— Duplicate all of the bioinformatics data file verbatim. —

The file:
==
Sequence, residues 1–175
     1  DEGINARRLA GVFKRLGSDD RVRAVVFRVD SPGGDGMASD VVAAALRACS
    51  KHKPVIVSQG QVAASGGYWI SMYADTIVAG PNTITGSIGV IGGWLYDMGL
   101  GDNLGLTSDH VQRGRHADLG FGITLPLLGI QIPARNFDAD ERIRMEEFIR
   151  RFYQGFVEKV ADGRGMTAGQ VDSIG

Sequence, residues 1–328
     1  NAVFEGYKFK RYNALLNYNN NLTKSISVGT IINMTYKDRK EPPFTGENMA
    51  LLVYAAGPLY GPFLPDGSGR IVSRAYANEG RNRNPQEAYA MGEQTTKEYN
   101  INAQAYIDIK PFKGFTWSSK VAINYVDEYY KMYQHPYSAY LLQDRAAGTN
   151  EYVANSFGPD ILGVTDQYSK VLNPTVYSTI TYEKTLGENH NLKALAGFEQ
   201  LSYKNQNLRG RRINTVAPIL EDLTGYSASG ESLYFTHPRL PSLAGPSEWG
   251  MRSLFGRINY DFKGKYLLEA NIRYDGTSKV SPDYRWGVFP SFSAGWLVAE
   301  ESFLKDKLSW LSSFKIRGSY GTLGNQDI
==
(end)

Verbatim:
Sequence, residues 1–175
     1  DEGINARRLA GVFKRLGSDD RVRAVVFRVD SPGGDGMASD VVAAALRACS
    51  KHKPVIVSQG QVAASGGYWI SMYADTIVAG PNTITGSIGV IGGWLYDMGL
   101  GDNLGLTSDH VQRGRHADLG FGITLPLLGI QIPARNFDAD ERIRMEEFIR
   151  RFYQGFVEKV ADGRGMTAGQ VDSIG

Sequence, residues 1–328
     1  NAVFEGYKFK RYNALLNYNN NLTKSISVGT IINMTYKDRK EPPFTGENMA
    51  LLVYAAGPLY GPFLPDGSGR IVSRAYANEG RNRNPQEAYA MGEQTTKEYN
   101  INAQAYIDIK PFKGFTWSSK VAINYVDEYY KMYQHPYSAY LLQDRAAGTN
   151  EYVANSFGPD ILGVTDQYSK VLNPTVYSTI TYEKTLGENH NLKALAGFEQ
   201  LSYKNQNLRG RRINTVAPIL EDLTGYSASG ESLYFTHPRL PSLAGPSEWG
   251  MRSLFGRINY DFKGKYLLEA NIRYDGTSKV SPDYRWGVFP SFSAGWLVAE
   301  ESFLKDKLSW LSSFKIRGSY GTLGNQDI